2.2 Integer Programming

39

1

x1 = 2.67, x2 = 4.16, Objective = 6.83

 

x1< = 2

x1> = 3

2

3

x1 = 2, x2 = 3.5, Objective = 5.5

x1 = 2, x2 = 3.5, Objective = 6.5

Fig. 2.5 A branch in the branch-and-bound algorithm

minimisation). This would be expected since extra constraints are being added. In fact they might not change if there were alternate solutions.

At this stage we have a choice of waiting nodes to ‘develop’, i.e. choose which node to branch from. This choice can again be made arbitrarily or heuristically. For example we might choose to develop node 3 in preference to node 1 since its objective has declined less (and there is therefore more chance of a better integer solution down this branch). For our example we continue this process and illustrate it in Fig. 2.6.

At node 5 the LP relaxation (and therefore the corresponding IP) is infeasible. This result is likely to happen as we are adding progressively stronger constraints down a branch. Once a node has become infeasible there is no sense in developing it further. It is said to have been fathomed. Node 4 is then developed in preference to the other waiting node 2 if we use the heuristic that the objective of the LP relaxation at node 4 is better than that at node 2. At node 6 we obtain an integer solution with an objective value of 6. Again there is no sense in developing this node further which is also said to have been fathomed. Since the objective value is better than that at node 2 no better integer solution can be obtained by developing that node. It is also, therefore, said to have been fathomed. The value of the best integer solution found to date provides a bound (hence the use of this word in the title of the method) on the optimal objective value which we have used to terminate the branch at node 2. Solving the LP relaxation at node 7 gives an objective value of 5 12 which again is below the current bound allowing us to terminate this branch. Since there are no more waiting nodes the integer solution found at node 6 has been shown to be optimal. This is the solution already obtained from Example 2.7 and given in (2.53).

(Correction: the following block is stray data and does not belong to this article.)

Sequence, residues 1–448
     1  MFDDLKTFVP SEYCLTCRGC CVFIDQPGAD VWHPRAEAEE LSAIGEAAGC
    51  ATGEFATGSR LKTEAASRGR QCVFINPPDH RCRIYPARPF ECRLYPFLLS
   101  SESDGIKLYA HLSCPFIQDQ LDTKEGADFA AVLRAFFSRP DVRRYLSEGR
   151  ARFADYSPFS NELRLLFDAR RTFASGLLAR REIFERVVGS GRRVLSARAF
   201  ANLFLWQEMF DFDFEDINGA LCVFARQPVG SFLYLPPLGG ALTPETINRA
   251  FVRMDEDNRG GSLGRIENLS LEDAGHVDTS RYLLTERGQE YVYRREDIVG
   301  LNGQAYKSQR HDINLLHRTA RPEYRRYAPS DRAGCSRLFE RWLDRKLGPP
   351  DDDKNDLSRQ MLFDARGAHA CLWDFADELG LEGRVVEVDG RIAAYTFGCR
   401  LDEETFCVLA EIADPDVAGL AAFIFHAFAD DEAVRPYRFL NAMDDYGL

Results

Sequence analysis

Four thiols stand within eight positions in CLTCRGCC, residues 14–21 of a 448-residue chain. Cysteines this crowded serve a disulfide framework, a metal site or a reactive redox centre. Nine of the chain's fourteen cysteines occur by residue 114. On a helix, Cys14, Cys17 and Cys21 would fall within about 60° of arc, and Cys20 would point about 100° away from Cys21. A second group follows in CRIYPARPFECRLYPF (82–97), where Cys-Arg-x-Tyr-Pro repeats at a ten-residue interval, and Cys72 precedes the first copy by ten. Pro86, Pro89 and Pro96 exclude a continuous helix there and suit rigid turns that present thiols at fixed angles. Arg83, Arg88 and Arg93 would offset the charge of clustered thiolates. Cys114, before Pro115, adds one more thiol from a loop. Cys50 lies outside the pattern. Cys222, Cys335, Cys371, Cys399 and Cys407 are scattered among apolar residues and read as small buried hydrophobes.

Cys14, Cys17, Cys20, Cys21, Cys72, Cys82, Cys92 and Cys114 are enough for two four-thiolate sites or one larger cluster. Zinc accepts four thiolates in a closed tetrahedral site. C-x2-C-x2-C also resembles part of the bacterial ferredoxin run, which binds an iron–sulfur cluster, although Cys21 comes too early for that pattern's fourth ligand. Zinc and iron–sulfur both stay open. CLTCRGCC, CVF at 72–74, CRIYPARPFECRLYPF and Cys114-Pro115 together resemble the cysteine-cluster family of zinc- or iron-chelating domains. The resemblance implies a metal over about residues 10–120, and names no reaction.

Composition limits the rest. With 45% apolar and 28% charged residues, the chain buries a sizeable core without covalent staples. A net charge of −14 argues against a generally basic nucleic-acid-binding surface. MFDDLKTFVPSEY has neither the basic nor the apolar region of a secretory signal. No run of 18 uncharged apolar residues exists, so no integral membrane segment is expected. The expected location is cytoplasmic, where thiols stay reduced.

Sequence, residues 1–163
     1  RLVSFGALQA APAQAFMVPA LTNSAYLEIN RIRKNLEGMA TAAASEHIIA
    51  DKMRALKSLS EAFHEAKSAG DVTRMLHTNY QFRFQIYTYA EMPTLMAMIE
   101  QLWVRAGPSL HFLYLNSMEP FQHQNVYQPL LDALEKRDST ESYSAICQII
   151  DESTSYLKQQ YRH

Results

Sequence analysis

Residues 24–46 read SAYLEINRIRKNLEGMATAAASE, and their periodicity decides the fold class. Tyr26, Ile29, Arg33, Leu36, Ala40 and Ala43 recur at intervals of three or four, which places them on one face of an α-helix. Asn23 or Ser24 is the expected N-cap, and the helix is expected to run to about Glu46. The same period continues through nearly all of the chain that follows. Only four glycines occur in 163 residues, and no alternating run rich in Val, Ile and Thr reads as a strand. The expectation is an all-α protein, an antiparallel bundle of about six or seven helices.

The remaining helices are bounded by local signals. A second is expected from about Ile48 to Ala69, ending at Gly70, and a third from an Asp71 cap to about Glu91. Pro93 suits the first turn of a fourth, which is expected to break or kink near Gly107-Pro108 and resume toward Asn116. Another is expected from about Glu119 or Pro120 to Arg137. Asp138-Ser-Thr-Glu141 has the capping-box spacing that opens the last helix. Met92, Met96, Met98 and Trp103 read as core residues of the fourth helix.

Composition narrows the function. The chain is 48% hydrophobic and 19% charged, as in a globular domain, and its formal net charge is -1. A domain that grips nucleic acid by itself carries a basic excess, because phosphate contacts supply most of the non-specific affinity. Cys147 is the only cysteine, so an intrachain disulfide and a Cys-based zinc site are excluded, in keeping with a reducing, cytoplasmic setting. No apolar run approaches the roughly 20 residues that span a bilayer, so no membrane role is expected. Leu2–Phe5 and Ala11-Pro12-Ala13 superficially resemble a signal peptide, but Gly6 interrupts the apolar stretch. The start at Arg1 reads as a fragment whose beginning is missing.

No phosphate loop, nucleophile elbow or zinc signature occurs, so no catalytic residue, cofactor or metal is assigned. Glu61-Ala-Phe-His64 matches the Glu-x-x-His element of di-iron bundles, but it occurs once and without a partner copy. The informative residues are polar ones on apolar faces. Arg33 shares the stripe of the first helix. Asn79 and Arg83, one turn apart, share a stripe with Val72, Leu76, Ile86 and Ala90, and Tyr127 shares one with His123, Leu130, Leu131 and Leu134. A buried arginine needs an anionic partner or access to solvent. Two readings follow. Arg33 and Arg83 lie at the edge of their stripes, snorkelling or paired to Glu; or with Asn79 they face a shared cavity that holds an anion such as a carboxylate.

Although we have obtained the optimal integer solution there is no guarantee that there might not be other (suboptimal) integer solutions if we had developed nodes 2 and 7. Exercise 2.6.8 involves developing these nodes to see if there are other integer (non-optimal) solutions.

40

 

 

 

2 Integer Programming

 

1

x1 = 2.67, x2 = 4.16, Objective = 6.83

x1< = 2

 

x1> = 3

 

 

2

 

3

x1 = 3, x2 = 3.5, Objective = 6.5

x1 = 2,x2 = 3.5, Objective = 5.5

 

 

 

 

 

x2< = 3

 

x

> = 4

 

 

 

2

 

x1 = 3.25, x2 = 3, Objective = 6.25

4

 

5

Infeasible